Risk Management

Pfizer Unit Settles Kickback Charges

A company the pharmaceutical company acquired four years ago will pay $34.7 million in penalties.
Stephen TaubApril 26, 2007

A Pfizer subsidiary will pay a $19.68 million fine after pleading guilty in federal court to offering a kickback to a pharmacy benefit manager in exchange for getting a higher ranking on a list of pharmaceutical recommendations. As part of its sentencing announced on Wednesday, the Pfizer unit, Pharmacia and Upjohn Co. Inc., can no longer participate in federal health-care programs.

Federal prosecutors alleged that Pharmacia offered $12.3 million in inflated payments to a subsidiary of a pharmacy benefit manager (PBM) to administer a distribution contract with the expectation Pharmacia would receive better positioning and benefits for its drug products. Pharmacia had expected to earn that amount or higher if the PBM had met those assumptions.

PBMs acts as a middleman between pharmaceutical companies and health insurers. They often recommend pharmaceutical products to health plans. “Pharmacia’s offer of a kickback to the PBM was designed to undermine the independent manner in which PBMs are supposed to make drug recommendations to millions of Americans,” according to the U.S. attorney’s press release. “Those choices should be made based on the efficacy, safety, and cost of the each drug, rather than a kickback.”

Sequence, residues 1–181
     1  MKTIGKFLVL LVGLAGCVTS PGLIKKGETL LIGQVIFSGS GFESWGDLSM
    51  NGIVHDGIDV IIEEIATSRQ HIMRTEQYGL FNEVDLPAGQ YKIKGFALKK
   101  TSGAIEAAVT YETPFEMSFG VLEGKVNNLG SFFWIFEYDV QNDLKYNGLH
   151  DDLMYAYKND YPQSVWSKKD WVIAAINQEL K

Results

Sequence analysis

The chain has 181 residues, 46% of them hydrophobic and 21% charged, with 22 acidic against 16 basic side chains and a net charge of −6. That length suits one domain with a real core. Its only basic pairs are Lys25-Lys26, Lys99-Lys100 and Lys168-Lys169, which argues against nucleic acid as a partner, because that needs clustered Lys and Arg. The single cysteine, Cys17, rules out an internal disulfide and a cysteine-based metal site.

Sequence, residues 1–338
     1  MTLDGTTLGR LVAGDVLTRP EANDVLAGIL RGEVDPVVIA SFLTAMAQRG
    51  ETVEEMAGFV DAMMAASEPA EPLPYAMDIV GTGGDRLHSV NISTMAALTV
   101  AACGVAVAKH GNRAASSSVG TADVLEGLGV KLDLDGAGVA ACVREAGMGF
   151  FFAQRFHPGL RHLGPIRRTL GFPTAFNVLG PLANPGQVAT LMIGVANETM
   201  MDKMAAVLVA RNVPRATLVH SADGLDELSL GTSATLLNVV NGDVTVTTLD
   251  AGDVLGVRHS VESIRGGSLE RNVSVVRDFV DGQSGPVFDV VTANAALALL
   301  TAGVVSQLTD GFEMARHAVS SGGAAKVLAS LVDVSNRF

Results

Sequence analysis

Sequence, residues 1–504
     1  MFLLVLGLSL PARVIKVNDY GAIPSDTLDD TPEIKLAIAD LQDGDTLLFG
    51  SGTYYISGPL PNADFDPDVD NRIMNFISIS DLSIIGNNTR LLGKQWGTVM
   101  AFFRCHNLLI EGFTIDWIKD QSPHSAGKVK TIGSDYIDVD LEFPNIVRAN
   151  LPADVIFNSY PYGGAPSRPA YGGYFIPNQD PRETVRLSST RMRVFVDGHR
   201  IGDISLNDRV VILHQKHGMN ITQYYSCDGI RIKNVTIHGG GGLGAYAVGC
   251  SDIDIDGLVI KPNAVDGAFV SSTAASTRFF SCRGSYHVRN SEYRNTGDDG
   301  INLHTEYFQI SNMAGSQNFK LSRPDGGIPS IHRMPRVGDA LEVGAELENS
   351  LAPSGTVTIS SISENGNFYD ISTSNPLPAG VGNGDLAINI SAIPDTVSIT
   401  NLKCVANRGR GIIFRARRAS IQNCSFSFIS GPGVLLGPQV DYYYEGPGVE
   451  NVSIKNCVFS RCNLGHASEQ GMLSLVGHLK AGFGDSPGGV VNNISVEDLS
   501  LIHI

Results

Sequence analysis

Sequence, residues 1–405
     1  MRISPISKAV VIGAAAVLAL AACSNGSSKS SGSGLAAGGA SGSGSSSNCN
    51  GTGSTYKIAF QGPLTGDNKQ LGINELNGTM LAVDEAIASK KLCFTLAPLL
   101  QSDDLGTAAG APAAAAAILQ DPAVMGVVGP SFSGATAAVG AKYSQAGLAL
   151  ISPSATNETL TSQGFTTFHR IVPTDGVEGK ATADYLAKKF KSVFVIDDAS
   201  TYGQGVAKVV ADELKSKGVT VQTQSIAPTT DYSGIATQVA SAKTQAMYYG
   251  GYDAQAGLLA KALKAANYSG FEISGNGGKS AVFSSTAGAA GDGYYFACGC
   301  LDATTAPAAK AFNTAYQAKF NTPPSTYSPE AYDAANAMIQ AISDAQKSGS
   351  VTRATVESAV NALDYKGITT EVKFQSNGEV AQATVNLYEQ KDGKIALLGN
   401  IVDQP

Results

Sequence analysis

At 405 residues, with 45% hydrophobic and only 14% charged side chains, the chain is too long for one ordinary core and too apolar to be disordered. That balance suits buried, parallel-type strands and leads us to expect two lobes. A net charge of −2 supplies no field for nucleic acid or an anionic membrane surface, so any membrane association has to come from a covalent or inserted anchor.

Resolving the kickback allegation with a federal judge was just one of two charges Pharmacia faced this month. On April 2, Pharmacia & Upjohn LLC agreed to pay $15.4 million in a deal with federal prosecutors. The company had promoted that its product Genotropin could be used for anti-aging and cosmetic purposes, aspects of the product that the Food and Drug Administration had not approved. Pfizer, which acquired Pharmacia in 2003, later admitted the promotions of the growth hormone had been unlawful.

According to published reports, Pfizer stressed that both of these cases involve activities that occurred before it acquired Pharmacia.

The charge of illegally promoting a drug for a use not approved by the government is not new for a Pfizer unit. In 2004, Warner-Lambert agreed to plead guilty and pay more than $430 million to resolve criminal charges and civil liabilities in connection with its Parke-Davis division’s “illegal and fraudulent promotion of unapproved uses” for its drug Neurontinm, according to an announcement by the Justice Department at the time. Pfizer bought Warner Lambert in 2000.

At the time, Pfizer claimed that the alleged misconduct occurred before the acquisition, while Parke-Davis owned Neurontin.

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